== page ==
Wednesday, 30 June 2021

ST MARY'S DEDICATION SUNDAY


The Revd. John Carhart gave a fascinating sermon on Sunday, 27th June in celebration of the 134 years since St Mary’s was dedicated in 1887. 

In his sermon John looked back in gratitude and thanksgiving to Almighty God for our benefactors and all those who over the last 134 years have worshipped here and served God in the community. 

St Mary’s has always been at the heart of the community ever since it was built to serve the burgeoning population “Without the Walls”. 

Looking back to the early days of the church at St. Mary's, John admired the vision of Hugh Lupus, First Duke of Westminster, who built the church, and others who furnished it. They built well with firm foundations: they built to last!

 THE CHURCH OF ST. MARY-WITHOUT-THE-WALLS



The name of our parish is St. Mary-on-the-Hill, Chester. It is an ancient parish and the original twelfth-century Church appears to have been called, formally or informally, "St. Mary's of the Castle" because St. Mary's was the Castle Church, situated next to Chester Castle, the residence of the Earls of Chester. From the twelfth century until the nineteenth century the parish church remained adjacent to the Castle. 

Our Church of St. Mary-without-the-Walls (the word "without" means "outside") is built on land within the original parish of St. Mary-on-the­ Hill. During the nineteenth century there had been a growth of suburbs around Chester. Churches in the outlying districts of Upton and Saltney (both remaining within the parish of St. Mary-on-the-Hill) were consecrated in 1854 and 1855 respectively. Substantial changes were made in 1881 and 1882 to the boundaries of ecclesiastical parishes and in 1882 Upton became a separate benefice. The patronage had passed to the Grosvenor family in 1819 and St Mary’s shares with Upton the same patron, the Duke of Westminster. In 1883 Archdeacon Darby submitted proposals to the Duke of Westminster for a further reorganisation of parish boundaries under which our parish of St. Mary-on-the-Hill would retain its large area south of the River Dee but would release certain lands within the City walls to enable them to be allotted to the parishes of St. Bridget and St. Michael. Our parish was to receive the land on the south of the river which was previously in St. Bridget's parish.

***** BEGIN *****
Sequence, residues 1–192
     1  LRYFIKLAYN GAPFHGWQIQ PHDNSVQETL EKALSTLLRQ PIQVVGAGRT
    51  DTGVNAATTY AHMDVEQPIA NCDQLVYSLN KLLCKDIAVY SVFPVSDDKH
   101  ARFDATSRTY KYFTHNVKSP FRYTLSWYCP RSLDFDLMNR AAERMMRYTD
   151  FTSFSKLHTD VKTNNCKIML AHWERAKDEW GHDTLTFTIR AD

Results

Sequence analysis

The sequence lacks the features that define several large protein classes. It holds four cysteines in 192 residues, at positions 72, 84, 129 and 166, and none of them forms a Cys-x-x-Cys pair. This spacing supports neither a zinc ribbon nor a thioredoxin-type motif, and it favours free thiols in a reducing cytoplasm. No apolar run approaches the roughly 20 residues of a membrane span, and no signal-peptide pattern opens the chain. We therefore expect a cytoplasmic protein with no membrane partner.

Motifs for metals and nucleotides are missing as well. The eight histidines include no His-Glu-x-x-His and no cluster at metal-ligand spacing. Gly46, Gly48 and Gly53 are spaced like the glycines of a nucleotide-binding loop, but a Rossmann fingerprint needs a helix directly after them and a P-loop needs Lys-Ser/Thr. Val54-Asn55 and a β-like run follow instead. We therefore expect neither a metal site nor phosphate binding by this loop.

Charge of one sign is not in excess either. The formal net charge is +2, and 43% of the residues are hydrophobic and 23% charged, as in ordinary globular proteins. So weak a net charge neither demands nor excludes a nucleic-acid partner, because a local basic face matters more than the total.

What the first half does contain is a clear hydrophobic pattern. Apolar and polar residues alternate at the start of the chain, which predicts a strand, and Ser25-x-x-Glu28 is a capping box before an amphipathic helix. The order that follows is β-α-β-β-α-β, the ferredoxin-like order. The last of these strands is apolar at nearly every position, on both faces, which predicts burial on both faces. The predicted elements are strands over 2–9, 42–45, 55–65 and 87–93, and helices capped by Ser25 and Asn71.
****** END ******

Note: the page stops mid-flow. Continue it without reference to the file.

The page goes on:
The Duke not only approved of the proposals but immediately promised to assist by building at his own expense a new parish church (to be called The Church of St. Mary-without­ the-Walls) on the south side of the river. 

The site chosen was occupied by 29 old cottages, the occupants of which were subsequently housed on a new site near the cemetery. 

The Duke in fact gave not only a new Church, but also a Rectory; and in addition he enlarged the adjacent school. The foundation stones of the Church and Rectory were laid on 20th July 1885. The Church was consecrated on Saturday, 18th June 1887 by the Bishop of Chester by the name of "The Church of St. Mary-without-the-Walls, Chester".

The ancient Church of St. Mary-on-the-Hill was transferred to the parish St. Bridget and shortly afterwards became the parish church of the united parishes of St. Bridget's and St. Martin 's. Following further changes that building was declared redundant by the Church Commissioners in 1972 and it was purchased by Cheshire County Council. It is now known as St. Mary's Centre and is used as a centre for meetings, exhibitions and events.

 

 

 

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